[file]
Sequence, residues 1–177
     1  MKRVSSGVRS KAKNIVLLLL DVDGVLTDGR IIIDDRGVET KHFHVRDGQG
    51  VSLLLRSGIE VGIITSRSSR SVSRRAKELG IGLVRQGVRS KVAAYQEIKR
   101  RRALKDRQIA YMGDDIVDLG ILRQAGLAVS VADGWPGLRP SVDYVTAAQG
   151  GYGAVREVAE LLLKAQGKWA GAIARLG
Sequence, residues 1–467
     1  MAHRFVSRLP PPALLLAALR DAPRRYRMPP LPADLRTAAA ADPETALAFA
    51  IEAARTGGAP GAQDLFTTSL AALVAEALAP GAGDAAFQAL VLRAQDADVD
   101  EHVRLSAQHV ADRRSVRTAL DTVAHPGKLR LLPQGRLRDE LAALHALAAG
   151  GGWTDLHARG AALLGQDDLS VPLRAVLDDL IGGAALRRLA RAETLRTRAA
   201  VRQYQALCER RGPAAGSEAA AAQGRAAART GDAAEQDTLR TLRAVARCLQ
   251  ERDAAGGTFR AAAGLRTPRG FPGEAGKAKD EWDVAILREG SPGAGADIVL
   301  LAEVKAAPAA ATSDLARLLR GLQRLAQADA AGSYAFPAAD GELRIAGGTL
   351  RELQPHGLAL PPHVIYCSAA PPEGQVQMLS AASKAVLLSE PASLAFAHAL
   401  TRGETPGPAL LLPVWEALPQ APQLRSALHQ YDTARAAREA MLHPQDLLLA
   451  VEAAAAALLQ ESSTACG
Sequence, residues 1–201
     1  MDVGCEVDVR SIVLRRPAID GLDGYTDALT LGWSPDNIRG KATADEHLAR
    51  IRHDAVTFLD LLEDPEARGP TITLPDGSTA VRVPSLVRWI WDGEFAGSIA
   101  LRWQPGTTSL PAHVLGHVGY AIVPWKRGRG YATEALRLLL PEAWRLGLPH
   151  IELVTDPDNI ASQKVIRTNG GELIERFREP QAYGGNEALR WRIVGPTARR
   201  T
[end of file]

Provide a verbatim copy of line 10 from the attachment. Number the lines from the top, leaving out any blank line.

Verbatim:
   151  GGWTDLHARG AALLGQDDLS VPLRAVLDDL IGGAALRRLA RAETLRTRAA